Thursday morning Forsyth Technical College formally received a $15,000,000.00 grant from the US Department of Labor as part of the Trade Adjustment Assistance Community Career Training (TAACCCT) program. On hand to “deliver the check” was Deputy Secretary of Labor, Scott D. Harris, along with 12th District Congressman Mel Watt, Forsyth Tech president Dr. Gary Green, Russ Read of the BioNetwork at Forsyth Tech, and Phil Sugar CEO of Carolina Liquid Chemistries along with faculty students, and staff of Forsyth Tech.
Deputy Secretary Harris toured some of Forsyth Tech’s bio-technology classrooms. Speaking with Dr. Aju Lekwauwa (who teaches basic laboratory technique) Harris asked him if the students were up to their basic proficiencies in math, English and other core subjects when they come into his classroom. Dr. Lekwauwa confirmed that there are often deficiencies, but remarked that he is able to get students caught up quickly. “Yes, we have to make up deficiencies.” Dr. Lekwauwa said, “We work that into the curriculum so that students can catch up.”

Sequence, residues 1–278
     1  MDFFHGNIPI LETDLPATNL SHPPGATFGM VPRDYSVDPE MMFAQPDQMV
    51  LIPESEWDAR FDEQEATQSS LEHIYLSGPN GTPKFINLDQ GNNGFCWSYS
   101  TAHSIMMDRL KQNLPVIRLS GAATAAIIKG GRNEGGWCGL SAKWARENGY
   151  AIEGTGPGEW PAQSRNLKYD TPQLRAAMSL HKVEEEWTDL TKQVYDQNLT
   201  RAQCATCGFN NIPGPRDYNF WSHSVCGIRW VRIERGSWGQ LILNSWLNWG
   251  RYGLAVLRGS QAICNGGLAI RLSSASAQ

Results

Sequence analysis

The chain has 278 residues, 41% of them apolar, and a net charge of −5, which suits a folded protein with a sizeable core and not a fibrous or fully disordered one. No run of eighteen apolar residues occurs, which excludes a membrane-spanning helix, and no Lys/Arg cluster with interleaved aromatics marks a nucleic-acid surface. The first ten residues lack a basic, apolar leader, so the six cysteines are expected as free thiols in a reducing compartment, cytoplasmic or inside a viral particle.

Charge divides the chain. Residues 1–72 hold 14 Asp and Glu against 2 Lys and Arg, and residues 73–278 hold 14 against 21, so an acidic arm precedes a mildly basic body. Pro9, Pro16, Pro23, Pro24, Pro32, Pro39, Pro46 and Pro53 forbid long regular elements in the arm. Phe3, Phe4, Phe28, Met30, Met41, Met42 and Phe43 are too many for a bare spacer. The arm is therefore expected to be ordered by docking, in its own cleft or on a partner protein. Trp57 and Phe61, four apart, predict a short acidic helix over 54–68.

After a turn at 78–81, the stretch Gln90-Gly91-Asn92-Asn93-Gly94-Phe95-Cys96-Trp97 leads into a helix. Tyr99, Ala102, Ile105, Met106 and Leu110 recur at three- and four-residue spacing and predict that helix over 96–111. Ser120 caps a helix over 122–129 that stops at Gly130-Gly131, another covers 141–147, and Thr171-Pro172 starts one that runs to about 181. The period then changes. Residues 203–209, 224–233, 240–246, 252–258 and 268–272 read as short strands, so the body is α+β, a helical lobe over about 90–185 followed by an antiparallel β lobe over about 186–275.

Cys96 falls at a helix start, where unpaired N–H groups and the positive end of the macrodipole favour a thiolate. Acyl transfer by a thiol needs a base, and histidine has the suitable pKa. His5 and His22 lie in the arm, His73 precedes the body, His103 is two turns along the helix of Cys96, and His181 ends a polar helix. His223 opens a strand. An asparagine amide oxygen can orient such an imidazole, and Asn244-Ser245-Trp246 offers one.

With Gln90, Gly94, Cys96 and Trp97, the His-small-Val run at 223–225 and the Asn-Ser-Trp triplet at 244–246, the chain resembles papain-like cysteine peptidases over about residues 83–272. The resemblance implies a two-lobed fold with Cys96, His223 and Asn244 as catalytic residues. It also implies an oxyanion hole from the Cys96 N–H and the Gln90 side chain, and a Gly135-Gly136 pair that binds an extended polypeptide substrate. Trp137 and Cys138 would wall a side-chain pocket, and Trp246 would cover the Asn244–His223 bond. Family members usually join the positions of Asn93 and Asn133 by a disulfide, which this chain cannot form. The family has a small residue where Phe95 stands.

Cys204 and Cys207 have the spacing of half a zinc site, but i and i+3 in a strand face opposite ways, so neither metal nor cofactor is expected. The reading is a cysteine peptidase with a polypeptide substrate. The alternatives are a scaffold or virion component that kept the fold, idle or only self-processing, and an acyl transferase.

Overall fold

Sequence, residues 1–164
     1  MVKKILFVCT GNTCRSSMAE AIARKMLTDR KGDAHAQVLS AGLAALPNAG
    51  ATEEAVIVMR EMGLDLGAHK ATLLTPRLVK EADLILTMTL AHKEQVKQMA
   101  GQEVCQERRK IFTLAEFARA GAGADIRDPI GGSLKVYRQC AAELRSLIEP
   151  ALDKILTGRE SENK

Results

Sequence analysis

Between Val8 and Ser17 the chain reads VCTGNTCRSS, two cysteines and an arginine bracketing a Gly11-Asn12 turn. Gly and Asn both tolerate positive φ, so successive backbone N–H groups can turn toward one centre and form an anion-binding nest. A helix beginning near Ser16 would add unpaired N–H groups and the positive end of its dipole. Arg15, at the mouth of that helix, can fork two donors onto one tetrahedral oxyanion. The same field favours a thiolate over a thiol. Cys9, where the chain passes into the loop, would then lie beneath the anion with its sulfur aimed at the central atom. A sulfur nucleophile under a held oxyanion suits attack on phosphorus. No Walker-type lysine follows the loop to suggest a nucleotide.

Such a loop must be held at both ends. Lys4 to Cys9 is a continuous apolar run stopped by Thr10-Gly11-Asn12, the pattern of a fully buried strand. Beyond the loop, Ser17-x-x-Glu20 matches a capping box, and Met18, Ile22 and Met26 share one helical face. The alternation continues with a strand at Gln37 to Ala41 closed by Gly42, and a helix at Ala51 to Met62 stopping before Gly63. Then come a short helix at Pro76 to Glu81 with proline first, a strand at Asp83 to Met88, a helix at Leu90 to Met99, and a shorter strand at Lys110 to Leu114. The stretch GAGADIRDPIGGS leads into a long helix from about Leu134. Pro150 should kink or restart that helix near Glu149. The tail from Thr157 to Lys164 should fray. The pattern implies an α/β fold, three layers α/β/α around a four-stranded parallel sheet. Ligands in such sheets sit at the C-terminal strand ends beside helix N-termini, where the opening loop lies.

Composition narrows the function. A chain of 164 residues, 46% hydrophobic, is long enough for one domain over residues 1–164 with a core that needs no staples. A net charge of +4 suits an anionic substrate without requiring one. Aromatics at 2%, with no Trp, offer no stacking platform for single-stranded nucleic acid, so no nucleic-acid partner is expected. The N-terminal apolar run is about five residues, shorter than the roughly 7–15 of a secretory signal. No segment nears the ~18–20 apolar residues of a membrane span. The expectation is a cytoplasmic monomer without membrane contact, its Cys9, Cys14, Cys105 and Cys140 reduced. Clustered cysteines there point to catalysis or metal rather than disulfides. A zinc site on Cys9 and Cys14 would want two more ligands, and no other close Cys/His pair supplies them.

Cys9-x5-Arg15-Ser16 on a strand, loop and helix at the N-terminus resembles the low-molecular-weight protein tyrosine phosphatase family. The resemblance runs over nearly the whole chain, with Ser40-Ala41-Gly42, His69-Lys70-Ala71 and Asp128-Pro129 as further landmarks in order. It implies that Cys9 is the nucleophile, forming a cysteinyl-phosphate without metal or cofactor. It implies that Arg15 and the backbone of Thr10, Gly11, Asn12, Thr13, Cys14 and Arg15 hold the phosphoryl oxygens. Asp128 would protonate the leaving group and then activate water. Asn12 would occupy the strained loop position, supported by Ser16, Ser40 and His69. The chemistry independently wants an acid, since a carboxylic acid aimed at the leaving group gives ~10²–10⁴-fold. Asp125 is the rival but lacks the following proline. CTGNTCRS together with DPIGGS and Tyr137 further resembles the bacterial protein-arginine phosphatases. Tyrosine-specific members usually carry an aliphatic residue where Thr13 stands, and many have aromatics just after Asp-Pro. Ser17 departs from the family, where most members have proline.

In a conversation with CCD Dr. Lekwauwa pointed out that many of his students are adults who have already been in the workforce. “Some are retooling. Some were outsourced from other jobs and looking to expand their technical skills. Many of my students also have families, but the quickly are brought up to the appropriate skill level and pass on into the next level.”